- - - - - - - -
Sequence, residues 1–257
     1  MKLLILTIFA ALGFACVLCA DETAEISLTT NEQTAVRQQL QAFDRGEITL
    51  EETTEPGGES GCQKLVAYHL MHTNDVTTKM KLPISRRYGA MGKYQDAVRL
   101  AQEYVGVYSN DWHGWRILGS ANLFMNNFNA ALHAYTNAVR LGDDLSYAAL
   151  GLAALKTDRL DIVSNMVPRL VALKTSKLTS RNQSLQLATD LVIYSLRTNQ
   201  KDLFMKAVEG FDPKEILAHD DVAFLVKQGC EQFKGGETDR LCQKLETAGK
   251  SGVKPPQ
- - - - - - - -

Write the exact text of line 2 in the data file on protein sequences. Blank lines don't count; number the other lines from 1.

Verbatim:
     1  MKLLILTIFA ALGFACVLCA DETAEISLTT NEQTAVRQQL QAFDRGEITL